The new Microsoft Edge is missing a proper tablet mode, but does anyone care?

Arif Bacchus

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Edge Adobe Acrobat

Microsoft’s new Chromium Edge browser has come a long way since the stable version was introduced to start last year. We’ve seen many new features like Sidebar search, vertical tabs, collections, profiles, and even support for Apple’s new M1 devices and the Surface Pro X.

However, as an owner of a Surface Go 2, I think Microsoft forgot about one important thing. The new Microsoft Edge is missing a tablet mode, but does anyone care? Here’s my take.

Edge needs a touch-friendly UI like Safari

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Edge on Windows

In looking at the lack of a tablet mode in Microsoft Edge, I’ll go looking at iPadOS first for comparison. Right now, Apple’s Safari web browser is heavily optimized for iPad tablets. While it is true that iPadOS is a completely different operating system from the desktop-based macOS, Apple has taken the time to ensure that its own web browser works well on its tablets. In other words, Safari on iPads simply isn’t just a ported version of a desktop web browser.

Let’s compare that to Edge on Windows 10. If you toggle a Surface into tablet mode, the browser doesn’t change at all. It just gives you the same desktop version that you use with a keyboard and mouse. Microsoft could learn a few things from Apple.

I’ll start with some of the obvious stuff. In Safari on iPads, you get a centered address bar, allowing you room to leave your hands on the screen when you want to tap in an address. In Edge on Windows tablet mode, the address bar is the same as the desktop version when toggled into tablet mode. It’s off-centered, leaving room for menu buttons, favorites, as well as extensions, which all get in the way of navigation when holding a device in tablet posture.

Safari On Ipad Os
Safari on iPadOS

Then, there are the navigation buttons. In Safari on iPads, there’s leftover space between the back and forward keys, letting you click them easily. The navigation buttons for a new tab, sharing, and all open tabs are also larger, letting you access them easier. In Edge on Windows, the navigation tabs are almost tiny, designed for keyboard and mouse, rather than touch.

And let me not forget the scroll bar and window navigation. While some UWP apps in Windows are able to go full-screen and “drop” the title bar, Edge in its current state does not. You’ll always see the title bar unless you go full screen. The same also goes for the scroll bar, too. It’s not necessarily needed in a tablet mode, which is why iPadOS hides it and makes it small on Safari, but Edge in Windows 10 keeps the same “large” scrollbar. This all adds up for wasted space, especially on small tablets like the Surface Go 2.

It is true that you can browse “full screen” on Edge on Windows 10 in tablet mode to improve your browsing experience, but the point is that simple user interface elements could use an overhaul. I get this is something that can not easily be done, as it would require code changes, but it is annoying in day to day use of a Surface, Microsoft’s flagship PC.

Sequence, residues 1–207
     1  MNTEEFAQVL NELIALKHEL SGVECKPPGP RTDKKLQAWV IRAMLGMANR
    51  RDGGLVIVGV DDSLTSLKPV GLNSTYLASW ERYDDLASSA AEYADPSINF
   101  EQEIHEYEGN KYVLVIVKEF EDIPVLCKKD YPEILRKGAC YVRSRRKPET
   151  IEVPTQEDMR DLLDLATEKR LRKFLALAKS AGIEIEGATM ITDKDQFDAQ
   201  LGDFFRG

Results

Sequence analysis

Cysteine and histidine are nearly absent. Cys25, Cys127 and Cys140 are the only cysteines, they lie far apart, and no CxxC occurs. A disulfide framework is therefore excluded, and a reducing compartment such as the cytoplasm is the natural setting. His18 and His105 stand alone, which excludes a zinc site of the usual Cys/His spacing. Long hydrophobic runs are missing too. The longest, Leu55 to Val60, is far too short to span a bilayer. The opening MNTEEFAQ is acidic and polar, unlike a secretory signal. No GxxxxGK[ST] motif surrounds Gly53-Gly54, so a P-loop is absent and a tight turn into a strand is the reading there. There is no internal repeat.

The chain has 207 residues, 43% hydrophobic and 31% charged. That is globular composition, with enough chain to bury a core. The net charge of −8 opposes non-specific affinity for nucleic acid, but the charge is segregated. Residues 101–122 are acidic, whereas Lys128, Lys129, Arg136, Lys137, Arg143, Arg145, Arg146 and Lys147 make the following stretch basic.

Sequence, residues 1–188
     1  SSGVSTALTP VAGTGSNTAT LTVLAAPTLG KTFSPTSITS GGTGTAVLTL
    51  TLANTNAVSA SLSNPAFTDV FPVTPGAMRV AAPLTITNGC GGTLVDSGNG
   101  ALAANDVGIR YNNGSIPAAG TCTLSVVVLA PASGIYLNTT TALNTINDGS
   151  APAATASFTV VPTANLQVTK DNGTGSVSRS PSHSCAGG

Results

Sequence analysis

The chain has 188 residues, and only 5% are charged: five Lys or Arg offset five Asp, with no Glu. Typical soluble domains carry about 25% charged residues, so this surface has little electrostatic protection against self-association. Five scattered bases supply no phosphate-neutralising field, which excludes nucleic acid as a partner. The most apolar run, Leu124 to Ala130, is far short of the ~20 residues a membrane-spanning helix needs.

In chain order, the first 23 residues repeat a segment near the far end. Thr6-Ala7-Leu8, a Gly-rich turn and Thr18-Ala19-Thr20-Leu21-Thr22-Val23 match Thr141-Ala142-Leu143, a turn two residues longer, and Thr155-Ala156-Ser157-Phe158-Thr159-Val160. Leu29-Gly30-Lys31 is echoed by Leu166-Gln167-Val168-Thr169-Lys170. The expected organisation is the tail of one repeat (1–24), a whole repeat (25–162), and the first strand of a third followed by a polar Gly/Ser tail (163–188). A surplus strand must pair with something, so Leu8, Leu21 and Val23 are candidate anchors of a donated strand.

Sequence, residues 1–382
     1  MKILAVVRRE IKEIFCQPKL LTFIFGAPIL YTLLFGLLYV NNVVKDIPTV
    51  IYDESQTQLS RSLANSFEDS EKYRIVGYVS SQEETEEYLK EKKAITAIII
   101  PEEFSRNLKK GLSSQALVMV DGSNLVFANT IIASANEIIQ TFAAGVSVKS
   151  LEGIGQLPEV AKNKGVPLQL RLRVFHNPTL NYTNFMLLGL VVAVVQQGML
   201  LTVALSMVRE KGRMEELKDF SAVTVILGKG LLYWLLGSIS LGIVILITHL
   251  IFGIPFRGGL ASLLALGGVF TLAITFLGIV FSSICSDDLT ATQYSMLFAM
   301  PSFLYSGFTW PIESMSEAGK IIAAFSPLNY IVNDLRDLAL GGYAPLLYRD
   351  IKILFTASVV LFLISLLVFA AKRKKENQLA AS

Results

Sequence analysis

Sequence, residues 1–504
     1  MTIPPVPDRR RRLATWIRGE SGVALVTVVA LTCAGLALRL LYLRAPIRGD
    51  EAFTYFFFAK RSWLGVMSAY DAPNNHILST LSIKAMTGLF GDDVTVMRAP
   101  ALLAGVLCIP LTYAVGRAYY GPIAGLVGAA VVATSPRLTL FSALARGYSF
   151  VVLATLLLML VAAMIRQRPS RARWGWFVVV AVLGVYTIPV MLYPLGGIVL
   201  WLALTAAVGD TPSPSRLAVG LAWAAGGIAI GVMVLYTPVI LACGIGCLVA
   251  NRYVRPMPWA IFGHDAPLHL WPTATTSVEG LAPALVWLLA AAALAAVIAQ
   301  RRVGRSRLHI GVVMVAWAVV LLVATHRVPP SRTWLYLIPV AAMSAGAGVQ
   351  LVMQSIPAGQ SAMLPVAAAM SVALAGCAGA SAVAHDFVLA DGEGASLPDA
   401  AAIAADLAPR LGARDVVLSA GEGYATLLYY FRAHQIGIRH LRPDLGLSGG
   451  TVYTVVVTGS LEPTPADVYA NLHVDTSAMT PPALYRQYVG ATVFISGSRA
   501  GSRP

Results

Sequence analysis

Many have pointed out that old Edge had a better tablet mode, and I do hope it’s something Microsoft can go back on. Especially with lightweight Windows 10X tablets and PCs rumored to be on the way, this is a change that Edge could really use. I get that not *everyone* owns a Windows 10 tablet, but for the small minority, a change would be appreciated.

A problem for Google, and other web browsers, too

Chrome Windows
Chrome on Windows 10

Part of the problems that I am describing is not really on Microsoft, but rather on Google. Since Edge is based on Chromium, Google itself has struggled to make its Chrome browser optimized for its own tablets, and even Windows 10. Using Chrome on a Windows 10 tablet like the Surface Go 2 is almost the same experience as using Edge.

But Google has shown interest in tweaking Chrome for ChromeOS tablets. We couldn’t say the same for Microsoft with its own tablet mode in Windows 10. Let me dive a bit deeper.

A few months ago, Google introduced some changes to Chrome specifically for ChromeOS 2-in-1’s and tablets which I’d love to see in Edge, too. It recently became possible to open tabs with a big plus button, reorder tabs by dragging, and even close tabs when dragging up. There even was a “tab strip” which Google introduced, to show a preview of tabs, too. How I’d love to see this on my Surface Go 2!

Elsewhere in ChromeOS, Google also introduced some more touch-friendly gestures, too. Recently introduced was the ability. to navigate tablet mode with gestures, such as swiping up to see all apps, and swiping up and holding to see open apps. It’s these small things that Windows 10’s tablet mode needs.

Other issues with Edge and I am not alone

Edge Features1 Cropped

So far I’ve explained the bulk of my issues with Edge, but I am not alone in my thoughts. Over on the Microsoft Tech community, a thread was started in June of last year about “Edge dev team completely forget about Tablet mode.” The thread discussed a lot of the issues I have mentioned here, but also some more, too.

Microsoft officially responded to the post and mentioned that they’ve passed the feedback along to the mobile team, so it does look as though they’re aware of these issues. Knowing how the Edge browser on iOS, Android, and even iPads are heavily optimized for touch in the same way that Safari is, I do hope that one day, Edge on Windows 10 finally gets the tablet mode it deserves.

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